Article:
Shippers of raw commodities such as DryShips Inc. (DRYS) and Genco Shipping & Trading Ltd. (GNK) rose as rates to ship raw commodities posted their biggest one-day gain since at least 1985 on increased Chinese demand.
DryShips gained $1.07, or 18 percent, to $7.16 in Nasdaq Stock Market composite trading. Genco rose $3.37, or 22 percent, to $18.72 in New York Stock Exchange composite trading. It was Genco’s largest percentage gain since the company went public in July 2005.
The Baltic Dry Index advanced 168 points, or 15 percent, to 1,316. The gauge, a measure of shipping costs for commodities, has risen 70 percent in 2009, its best start to a year since Bloomberg began keeping data in 1986. It fell as low as 663 on Dec. 5. The index is down 79 percent from a year ago. Rates fell 92 percent in 2008 as Chinese demand for iron ore fell and financing to buy cargoes dried up.
“The dry-bulk market (is) showing signs of life,” Urs Dur, an analyst at Lazard Capital Markets in New York, said in a note today. “Chinese iron-ore inventories are declining, Chinese steel prices are rising, Australian iron-ore exports are at their highest levels since mid-2008.”
Eagle Bulk Shipping Inc. (EGLE) added $1.71, or 31 percent, to $7.19, its biggest gain since Dec. 9. Diana Shipping Inc. (DSX) rose $1.51, or 11 percent, to $15. Excel Maritime Carriers Ltd. (EXM) was up $1.71, or 27 percent, to $7.98, its largest gain since Dec. 9.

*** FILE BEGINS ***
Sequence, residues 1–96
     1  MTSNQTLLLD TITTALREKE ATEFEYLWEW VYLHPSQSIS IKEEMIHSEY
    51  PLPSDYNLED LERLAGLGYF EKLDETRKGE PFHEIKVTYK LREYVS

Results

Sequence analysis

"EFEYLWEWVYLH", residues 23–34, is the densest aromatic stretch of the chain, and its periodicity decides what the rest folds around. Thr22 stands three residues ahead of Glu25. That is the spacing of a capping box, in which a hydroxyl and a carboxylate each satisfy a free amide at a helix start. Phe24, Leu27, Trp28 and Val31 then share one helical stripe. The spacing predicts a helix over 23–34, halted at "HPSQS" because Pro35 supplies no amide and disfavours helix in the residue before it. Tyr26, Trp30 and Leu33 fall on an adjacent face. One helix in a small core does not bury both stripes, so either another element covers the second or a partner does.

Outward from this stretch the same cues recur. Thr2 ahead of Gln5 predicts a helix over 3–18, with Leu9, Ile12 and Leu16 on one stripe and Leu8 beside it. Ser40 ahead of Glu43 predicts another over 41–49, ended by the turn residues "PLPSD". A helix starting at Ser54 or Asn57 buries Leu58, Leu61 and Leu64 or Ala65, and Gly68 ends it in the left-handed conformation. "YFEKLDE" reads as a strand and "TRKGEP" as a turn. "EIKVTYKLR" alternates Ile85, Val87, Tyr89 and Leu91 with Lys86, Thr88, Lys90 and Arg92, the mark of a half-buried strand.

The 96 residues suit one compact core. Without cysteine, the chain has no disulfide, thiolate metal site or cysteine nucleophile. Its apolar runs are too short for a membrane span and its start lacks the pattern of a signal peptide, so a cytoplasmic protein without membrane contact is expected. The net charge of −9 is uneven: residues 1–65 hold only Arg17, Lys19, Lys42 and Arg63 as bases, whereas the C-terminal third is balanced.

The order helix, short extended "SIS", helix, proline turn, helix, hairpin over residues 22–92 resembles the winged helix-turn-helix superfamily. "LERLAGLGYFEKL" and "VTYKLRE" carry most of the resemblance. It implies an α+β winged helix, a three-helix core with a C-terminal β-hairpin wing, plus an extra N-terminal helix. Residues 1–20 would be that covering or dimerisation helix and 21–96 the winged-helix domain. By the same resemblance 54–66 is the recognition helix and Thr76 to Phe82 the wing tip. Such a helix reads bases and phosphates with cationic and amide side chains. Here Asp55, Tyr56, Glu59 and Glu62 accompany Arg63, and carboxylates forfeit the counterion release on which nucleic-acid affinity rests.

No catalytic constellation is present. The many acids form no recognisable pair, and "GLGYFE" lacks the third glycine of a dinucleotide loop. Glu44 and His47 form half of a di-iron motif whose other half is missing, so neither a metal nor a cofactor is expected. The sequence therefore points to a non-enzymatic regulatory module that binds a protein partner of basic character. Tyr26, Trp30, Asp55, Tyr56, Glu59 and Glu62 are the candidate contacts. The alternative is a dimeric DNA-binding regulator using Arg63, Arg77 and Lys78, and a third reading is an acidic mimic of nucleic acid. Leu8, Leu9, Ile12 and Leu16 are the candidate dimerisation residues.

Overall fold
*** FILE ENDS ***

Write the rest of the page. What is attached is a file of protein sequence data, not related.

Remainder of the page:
China, the world’s biggest steelmaker, announced in November a 4 trillion-yuan ($590 billion) stimulus package running through 2010. The plan includes $292 billion for expansion of railroads with one-third of the total funding due to reach projects by the end of March, Genco Chief Financial Officer John Wobensmith said Jan. 27.
Cash prices for iron ore imported by China gained for the first time in a month on Jan. 12 on speculation the nation’s stimulus package will spur construction demand. Spot prices are within 15 percent of last year’s contract pricing, BHP Billiton Ltd. Chief Executive Officer Marius Kloppers said yesterday.
“I’m not sure it’s sustainable,” said Natasha Boyden, an analyst at Cantor Fitzgerald LP in New York. She saw the demand as necessary for “restocking of inventories” rather than a trend.
“There’s still some Capes to come back into the market,” she said. Wobensmith last week said 30 to 35 Capesizes were laid up because of a lack of business.
Rates to hire Capesizes, the largest commodity carriers, rose 17 percent to $21,810 per day. Daily Panamax-class ship rates gained 14 percent to $8,005. That rate has gained for 12 consecutive days. Panamaxes usually haul 75,000-ton cargoes and are the largest ships able to travel through the Panama Canal.
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